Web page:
Reconcepting US monetary design.


The American INXS Tribute Band

Love 80’s and some 90’s music? Check out the reel from the American INXS Tribute Band called New Sensation. INXS was such a great band and these guys deliver a killer tribute live. They play all the hits and a great selection of deep cuts as well. Photo by Kay Freeman.

Rescue Hatch


Was touring the USS Yorktown Aircraft Carrier near Charleston, SC checking out the old airplanes on the deck.  They were very old school aircraft and this one the side of one of the planes where the rescue hatch was located.  I felt like I was walking around on the Philadelphia Experiment.

Without Them

I was listening to music on Spotify when an ad for Spotify itself came on.  The ad mentions how “piracy is so old-fashioned” and that “every track on Spotify makes money for the artist because after all, without them there would be no music for us to enjoy“.

It’s that last part – the “after all, without them there would be no music for us to enjoy” part that resonated with me most.  This simple radio advert is actually pretty profound and is a perfect note to end 2012 on – a year where “you didn’t build that” and “fair share” were tossed around as if the creators of businesses were somehow not quite fully entitled to the fruits of their ideas and labor.

Apparently Spotify believes (and I agree) that the right thing to do to honor the creators of the music is to make sure the creators are paid and not stolen from – because they are in fact the brains behind the music.

The ad’s “Without them” concept can be applied to any business, any product, and the job creators behind those businesses.  “Without them” there is nothing. “Without them” people have no products or services.  “Without them people” have no jobs or ability to sustain their families.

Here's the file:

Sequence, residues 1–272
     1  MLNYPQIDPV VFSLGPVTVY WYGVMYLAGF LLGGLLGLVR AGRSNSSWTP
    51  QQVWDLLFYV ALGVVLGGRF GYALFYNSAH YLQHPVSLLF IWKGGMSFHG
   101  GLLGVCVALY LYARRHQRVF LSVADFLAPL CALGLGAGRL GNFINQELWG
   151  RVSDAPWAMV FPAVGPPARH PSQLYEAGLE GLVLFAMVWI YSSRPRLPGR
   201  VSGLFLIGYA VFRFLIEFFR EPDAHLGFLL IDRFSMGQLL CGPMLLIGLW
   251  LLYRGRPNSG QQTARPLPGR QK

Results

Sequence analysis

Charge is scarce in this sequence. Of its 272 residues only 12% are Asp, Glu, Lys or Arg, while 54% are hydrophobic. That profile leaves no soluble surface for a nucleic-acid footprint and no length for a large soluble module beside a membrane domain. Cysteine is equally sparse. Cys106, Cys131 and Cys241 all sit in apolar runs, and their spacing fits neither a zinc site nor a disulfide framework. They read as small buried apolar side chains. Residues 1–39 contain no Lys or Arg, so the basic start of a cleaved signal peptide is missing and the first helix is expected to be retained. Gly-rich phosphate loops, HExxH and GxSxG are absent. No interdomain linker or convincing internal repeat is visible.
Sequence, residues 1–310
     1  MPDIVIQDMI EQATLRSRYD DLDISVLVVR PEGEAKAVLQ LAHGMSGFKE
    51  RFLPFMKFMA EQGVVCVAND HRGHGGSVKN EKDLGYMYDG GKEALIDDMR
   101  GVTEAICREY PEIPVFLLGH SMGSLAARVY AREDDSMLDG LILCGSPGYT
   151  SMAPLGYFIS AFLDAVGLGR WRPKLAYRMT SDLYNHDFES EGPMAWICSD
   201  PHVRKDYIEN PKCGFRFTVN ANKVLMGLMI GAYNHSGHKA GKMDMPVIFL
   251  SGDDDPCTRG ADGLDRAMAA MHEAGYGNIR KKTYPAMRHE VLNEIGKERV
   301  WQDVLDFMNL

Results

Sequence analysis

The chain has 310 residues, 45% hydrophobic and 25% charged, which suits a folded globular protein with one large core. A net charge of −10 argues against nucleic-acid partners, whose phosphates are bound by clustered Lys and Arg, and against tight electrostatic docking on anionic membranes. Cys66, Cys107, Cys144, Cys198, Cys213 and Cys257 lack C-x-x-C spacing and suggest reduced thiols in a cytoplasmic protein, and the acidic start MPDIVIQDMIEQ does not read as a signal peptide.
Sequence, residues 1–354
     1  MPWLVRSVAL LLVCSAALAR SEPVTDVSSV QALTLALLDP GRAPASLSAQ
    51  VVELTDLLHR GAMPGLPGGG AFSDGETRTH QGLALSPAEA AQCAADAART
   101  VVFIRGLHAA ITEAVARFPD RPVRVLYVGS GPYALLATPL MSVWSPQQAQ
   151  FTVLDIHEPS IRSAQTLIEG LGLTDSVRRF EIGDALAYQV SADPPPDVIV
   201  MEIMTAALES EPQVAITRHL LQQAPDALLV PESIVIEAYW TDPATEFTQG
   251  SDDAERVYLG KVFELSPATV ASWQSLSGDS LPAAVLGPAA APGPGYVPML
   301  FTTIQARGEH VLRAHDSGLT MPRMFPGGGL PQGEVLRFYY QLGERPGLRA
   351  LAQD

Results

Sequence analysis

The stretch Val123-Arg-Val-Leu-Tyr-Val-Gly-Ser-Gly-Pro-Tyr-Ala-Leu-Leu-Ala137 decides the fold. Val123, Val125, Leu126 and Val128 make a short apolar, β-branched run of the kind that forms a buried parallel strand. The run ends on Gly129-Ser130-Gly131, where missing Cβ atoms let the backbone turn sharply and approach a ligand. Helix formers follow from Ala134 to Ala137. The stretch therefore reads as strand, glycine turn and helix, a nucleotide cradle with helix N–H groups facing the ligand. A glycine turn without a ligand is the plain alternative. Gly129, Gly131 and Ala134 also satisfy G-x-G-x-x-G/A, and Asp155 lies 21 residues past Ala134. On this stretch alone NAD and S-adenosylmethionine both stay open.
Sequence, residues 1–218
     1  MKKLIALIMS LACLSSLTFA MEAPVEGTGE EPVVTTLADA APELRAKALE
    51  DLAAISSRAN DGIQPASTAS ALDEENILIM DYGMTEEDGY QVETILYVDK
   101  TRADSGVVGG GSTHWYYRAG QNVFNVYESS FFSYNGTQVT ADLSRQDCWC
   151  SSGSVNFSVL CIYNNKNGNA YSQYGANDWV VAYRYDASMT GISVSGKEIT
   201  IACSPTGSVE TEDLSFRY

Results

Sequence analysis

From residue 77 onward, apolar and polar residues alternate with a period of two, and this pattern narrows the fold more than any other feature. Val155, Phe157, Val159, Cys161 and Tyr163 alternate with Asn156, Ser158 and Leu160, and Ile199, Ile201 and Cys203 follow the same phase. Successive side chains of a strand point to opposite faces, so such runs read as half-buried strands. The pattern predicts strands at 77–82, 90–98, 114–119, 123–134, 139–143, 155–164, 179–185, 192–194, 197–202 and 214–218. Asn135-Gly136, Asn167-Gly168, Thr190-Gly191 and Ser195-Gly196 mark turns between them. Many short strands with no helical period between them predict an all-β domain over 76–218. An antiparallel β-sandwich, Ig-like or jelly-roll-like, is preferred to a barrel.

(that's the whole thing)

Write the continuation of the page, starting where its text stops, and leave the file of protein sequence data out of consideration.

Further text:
My point here is that millions of people enjoy music thanks to those that create music.  Likewise, millions of people enjoy employment and lifestyles thanks to people who create jobs.  Is there really any difference between a musical artist who creates a song for sale or a businessman who creates pizza? (or any product/service)?  Each has a skill. Each has a product.  Each put effort and training into making that product for sale and… “without them” there is nothing but unfinished ideas and raw materials.

In the classic book Atlas Shrugged, the industrialists, the men and women of thought, vanish from the face of the Earth, going on their own strike of sorts and leaving everything behind including the keys to the car for anyone to pick up where they left off and run things.  Nobody does.  Nobody can.  Nobody remaining behind has the know-how or fortitude to do what the industrialists (i.e. job creators) did.

There is a line in Atlas Shrugged that go like this:

“Whether it’s a symphony or a coal mine, all work is an act of creating and comes from the same source: from an inviolate capacity to see through one’s own eyes–which means: the capacity to perform a rational identification–which means: the capacity to see, to connect and to make what had not been seen, connected and made before.”